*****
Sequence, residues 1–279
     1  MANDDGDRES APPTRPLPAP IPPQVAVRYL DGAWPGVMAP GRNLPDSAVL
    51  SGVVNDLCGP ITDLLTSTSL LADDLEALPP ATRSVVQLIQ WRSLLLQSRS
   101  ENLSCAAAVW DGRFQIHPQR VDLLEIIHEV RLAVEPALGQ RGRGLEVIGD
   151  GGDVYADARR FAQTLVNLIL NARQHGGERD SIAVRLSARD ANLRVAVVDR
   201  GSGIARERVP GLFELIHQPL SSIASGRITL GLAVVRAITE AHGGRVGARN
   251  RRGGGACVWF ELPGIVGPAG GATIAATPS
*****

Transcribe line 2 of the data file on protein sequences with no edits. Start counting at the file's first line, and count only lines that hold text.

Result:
     1  MANDDGDRES APPTRPLPAP IPPQVAVRYL DGAWPGVMAP GRNLPDSAVL